When you’re stumped by a question that comes out of nowhere from a reporter, shareholder or staff member, use these responses:
1. Say you’ll find out. If you don’t know of the incident or fact you’re being asked about, tell the questioner you’d like a chance to look into it before you reply.
2. Talk about what you do know. Say, “That’s not clear, but here’s what I know right now.” If it’s really not your area—you’re a financial chief and they ask about a manufacturing process—say, “I’m not an expert on that,” and call on the right person.
3. Give them the big picture. Say, “I can tell you that we take those criticisms very seriously.” Or “Whenever we learn about a potential flaw in the system, we take apart the whole process, step by step, and figure out how we can do it better.”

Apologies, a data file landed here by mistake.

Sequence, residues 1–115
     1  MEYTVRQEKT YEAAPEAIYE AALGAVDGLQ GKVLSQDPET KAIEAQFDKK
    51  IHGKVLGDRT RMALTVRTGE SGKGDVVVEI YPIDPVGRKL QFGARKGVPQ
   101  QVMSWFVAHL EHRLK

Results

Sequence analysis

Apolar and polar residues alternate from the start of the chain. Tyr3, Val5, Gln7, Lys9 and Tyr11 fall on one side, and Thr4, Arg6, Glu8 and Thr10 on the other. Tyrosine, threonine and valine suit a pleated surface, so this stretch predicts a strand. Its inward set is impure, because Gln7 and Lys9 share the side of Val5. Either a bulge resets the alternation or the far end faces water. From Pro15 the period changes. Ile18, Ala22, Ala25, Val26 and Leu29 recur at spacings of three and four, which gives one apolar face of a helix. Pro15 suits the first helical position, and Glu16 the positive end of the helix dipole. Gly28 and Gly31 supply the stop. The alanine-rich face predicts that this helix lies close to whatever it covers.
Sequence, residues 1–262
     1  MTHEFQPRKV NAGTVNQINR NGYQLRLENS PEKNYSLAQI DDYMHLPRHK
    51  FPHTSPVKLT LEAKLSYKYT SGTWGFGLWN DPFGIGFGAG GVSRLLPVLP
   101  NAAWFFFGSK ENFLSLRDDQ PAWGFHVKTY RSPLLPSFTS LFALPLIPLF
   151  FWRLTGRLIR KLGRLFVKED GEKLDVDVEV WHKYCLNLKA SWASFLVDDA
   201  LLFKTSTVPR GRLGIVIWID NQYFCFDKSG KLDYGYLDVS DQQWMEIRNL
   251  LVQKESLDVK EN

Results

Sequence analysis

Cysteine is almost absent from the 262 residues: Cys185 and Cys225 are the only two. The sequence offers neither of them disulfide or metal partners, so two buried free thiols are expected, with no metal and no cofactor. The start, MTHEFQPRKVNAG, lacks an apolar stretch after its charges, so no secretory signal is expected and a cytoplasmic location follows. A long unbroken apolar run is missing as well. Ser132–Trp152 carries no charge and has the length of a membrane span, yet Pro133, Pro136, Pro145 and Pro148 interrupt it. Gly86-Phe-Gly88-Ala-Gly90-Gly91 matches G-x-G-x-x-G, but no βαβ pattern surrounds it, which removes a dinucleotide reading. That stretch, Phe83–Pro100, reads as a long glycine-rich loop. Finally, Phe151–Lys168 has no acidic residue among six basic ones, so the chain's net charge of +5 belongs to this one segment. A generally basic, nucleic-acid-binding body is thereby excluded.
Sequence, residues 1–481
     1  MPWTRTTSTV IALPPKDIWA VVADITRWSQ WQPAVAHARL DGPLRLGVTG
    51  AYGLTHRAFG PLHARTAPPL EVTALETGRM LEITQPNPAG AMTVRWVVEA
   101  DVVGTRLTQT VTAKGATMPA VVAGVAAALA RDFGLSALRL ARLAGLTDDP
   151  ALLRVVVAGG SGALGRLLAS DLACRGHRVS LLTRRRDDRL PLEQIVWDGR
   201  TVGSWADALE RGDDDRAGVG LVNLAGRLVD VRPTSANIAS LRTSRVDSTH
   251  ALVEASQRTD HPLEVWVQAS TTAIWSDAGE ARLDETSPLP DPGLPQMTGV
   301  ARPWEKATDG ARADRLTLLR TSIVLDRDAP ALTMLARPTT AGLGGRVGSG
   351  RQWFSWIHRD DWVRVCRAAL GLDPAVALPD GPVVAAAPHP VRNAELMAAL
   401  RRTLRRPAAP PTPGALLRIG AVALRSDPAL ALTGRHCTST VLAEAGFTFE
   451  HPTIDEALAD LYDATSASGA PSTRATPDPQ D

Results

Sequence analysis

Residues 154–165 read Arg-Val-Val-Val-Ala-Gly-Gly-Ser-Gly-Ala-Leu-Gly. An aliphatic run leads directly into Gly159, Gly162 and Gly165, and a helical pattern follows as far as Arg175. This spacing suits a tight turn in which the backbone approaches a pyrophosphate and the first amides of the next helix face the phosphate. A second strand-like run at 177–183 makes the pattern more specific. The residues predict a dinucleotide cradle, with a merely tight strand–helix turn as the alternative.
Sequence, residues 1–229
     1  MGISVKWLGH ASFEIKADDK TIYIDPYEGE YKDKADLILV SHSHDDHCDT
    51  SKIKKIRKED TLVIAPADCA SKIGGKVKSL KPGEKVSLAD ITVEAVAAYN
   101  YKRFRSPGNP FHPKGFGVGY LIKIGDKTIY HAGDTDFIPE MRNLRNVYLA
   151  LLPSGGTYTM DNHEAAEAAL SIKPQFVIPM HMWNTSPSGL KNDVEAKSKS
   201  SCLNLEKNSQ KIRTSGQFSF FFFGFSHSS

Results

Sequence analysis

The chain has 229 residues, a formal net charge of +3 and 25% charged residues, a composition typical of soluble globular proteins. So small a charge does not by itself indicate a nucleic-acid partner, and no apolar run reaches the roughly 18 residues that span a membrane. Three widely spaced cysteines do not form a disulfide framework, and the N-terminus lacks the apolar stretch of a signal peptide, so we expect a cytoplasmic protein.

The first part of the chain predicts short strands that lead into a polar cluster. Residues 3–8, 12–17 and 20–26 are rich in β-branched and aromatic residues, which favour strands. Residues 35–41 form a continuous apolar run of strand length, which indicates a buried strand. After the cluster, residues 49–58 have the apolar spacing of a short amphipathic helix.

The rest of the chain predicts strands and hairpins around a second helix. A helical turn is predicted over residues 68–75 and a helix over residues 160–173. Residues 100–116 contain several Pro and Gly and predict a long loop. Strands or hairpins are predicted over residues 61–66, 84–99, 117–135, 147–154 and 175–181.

Or “We aim for overall accuracy in our projections, and for every example you give of an incorrect forecast, I could cite many more that we got right. Virtually every professional organization cites our data as among the best in the world.”
— Adapted from The Media Training Bible, Brad Phillips, SpeakGood Press.